Typically all battery people will do is they’ll send a current into the battery and then measure the potential or vice versa. That’s a common thing that’s done. So what we are trying to do now is do one more thing on top of that: Can we probe something on the inside without opening up the cell? X-rays come into play because these are extremely powerful light, they can go through the battery casing, go into the cell, and you can actually start seeing things inside the battery itself during operando operation, meaning you can pass current keep the battery in the environment you want it to be and send the X-ray beam and see what’s happening on the inside.

So this is a trend that we’ve been slowly exploring, going back a decade. And a decade ago, we probably did not have the resolution to be able to see things at a very minute scale. So we were seeing maybe a few tens of microns of what was happening in these batteries. Maybe we were measuring things once every minute or so, but we’re slowly getting better and better; we’re making the resolution tighter, meaning we can see smaller features and we are trying to get the time resolution such that we can see things at a faster and faster time. So that trend is something that is going to is helping us and we continue to help us make batteries better.

Steven Cherry So if I could push my comparison a little further, we developed the COVID vaccines in record time and with stunning efficiency. I mean, 95 percent effective right out of the gate. Will this new ability to look inside the battery while it’s in operation, will this create new generations of better batteries in record time?

Venkat Srinivasan That will be the hope. And I do want to bring in two aspects that I think work complementarily with each other. One is the extreme techniques—and related techniques like X-ray, so we should not forget that there are non-X-ray techniques also that give us information that can be crucially important. But along with that, there has been this revolution in computing that has really come to the forefront in the last five to 10 years. What this computing revolution is that basically because computers are getting more and more powerful and computing resources are getting cheaper, we are able to now start to calculate on computers all sorts of things. For example, we can calculate how much lithium can a material hold—without actually having to go into the lab. And we can do this in a high-throughput fashion: screen a variety of materials and start to see which of these looks the most promising. Similarly, we can do it, same thing, to ask: Can we find iron conductors to find, say, solid-state battery materials using the same techniques?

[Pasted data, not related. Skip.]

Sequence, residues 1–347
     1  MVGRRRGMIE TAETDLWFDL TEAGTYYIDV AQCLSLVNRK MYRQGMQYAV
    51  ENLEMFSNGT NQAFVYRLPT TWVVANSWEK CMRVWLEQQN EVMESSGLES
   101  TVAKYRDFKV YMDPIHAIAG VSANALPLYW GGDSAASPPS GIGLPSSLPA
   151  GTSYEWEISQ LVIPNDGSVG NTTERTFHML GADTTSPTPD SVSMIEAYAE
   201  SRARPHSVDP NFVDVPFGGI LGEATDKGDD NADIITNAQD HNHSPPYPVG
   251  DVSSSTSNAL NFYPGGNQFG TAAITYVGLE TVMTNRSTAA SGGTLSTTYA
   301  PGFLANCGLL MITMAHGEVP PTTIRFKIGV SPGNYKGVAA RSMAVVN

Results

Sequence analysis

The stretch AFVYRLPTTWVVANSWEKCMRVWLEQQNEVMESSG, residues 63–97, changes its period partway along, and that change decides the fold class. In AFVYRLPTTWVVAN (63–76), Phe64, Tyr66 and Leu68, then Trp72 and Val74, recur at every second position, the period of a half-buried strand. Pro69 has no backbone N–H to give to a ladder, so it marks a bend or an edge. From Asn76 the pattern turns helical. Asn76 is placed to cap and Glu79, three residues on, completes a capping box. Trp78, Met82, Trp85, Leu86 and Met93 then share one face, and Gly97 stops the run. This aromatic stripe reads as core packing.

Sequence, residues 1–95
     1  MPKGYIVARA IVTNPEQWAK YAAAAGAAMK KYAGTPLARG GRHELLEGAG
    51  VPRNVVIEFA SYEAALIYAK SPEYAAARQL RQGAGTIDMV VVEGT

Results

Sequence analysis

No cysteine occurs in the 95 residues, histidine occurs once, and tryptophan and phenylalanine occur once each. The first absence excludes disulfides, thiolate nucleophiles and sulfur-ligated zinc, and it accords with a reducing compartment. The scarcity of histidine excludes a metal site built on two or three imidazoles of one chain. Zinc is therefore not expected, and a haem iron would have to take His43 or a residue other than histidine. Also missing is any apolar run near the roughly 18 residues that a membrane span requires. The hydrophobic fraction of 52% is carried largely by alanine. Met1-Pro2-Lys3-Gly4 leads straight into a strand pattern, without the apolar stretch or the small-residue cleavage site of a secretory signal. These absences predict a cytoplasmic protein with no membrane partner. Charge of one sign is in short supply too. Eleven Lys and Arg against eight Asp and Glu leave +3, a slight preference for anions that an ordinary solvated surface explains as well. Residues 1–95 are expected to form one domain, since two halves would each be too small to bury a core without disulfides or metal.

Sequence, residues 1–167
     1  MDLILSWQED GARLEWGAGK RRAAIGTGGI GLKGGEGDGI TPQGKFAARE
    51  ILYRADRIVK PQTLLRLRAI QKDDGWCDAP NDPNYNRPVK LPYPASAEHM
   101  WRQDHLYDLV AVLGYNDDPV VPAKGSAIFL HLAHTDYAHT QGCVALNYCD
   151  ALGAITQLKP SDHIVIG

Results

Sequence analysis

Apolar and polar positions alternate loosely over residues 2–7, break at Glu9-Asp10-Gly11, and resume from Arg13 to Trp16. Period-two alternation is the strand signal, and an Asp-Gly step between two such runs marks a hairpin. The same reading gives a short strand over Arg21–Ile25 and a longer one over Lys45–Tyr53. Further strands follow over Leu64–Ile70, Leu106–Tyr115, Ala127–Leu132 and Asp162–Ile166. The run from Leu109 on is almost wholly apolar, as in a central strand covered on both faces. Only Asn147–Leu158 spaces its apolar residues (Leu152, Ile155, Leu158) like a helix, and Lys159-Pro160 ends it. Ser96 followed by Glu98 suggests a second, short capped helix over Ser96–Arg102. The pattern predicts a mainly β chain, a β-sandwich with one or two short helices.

Now, once you have these kinds of materials in play and you do them very, very fast using computers, you can start to think about how do you combine them with these X-ray techniques. So you could imagine that you’re finding a material on the computer. You’re trying to synthesize them and during the synthesis you try to watch and see, are you making the material you were predicting or did something happen during synthesis where you were not able to make the particular material?

And using this complementary way of looking at things, I think in the next five to 10 years you’re going to see this amazing acceleration of material discovery between the computing and the X-ray sources and other techniques of experimental methods. They’re going to see this incredible acceleration in terms of finding new things. You know, the big trick in materials—and this is certainly true for battery materials—if you can find those materials, maybe one of them looks interesting. So the job here is to cycle through those thousand as quickly as possible to find that one nugget that can be exciting. And so what we’re seeing now with computing and with these X-rays is the ability to cycle through many materials very quickly so that we can start to pin down which of those which of the one among those thousand looks the most promising that we can spend a lot more resources and time on them.

Steven Cherry We’ve been relying on lithium–ion for quite a while. It was first developed in 1985 and first used commercially by Sony in 1991. These batteries are somewhat infamous for occasionally exploding in phones and laptops and living rooms and on airplanes and even in the airplanes themselves in the case of the Boeing 787. Do you think this research will lead to safer batteries?

Venkat Srinivasan Absolutely. The first thing I should clarify is that the lithium–ion from the 1990s is not the same lithium–ion we used today. There have been many generations of materials that have changed over time; they’ve gotten better; the energy density has actually gone up by a factor of three in those twenty-five years, and there’s a chance that it’s going to continue to go up by another factor of two in the next decade or so. The reality is that when we use the word lithium–ion, we’re actually talking about a variety of material classes that go into the into the anodes, the cathode, and the electrolytes that make up the lithium–ion batteries. So the first thing to kind of notice is that these materials are changing continuously, what the new techniques are bringing is a way for us to push the boundaries of lithium–ion, meaning there is still a lot of room left for lithium–ion to get better, and these new techniques are allowing us to invent the next generation of cathode materials, anode materials, and electrolytes that could be used in the system to continue to push on things like energy density, fast-charge capability, cycle life. These are the kinds of big problems we’re worried about. So these techniques are certainly going to allow us to get there.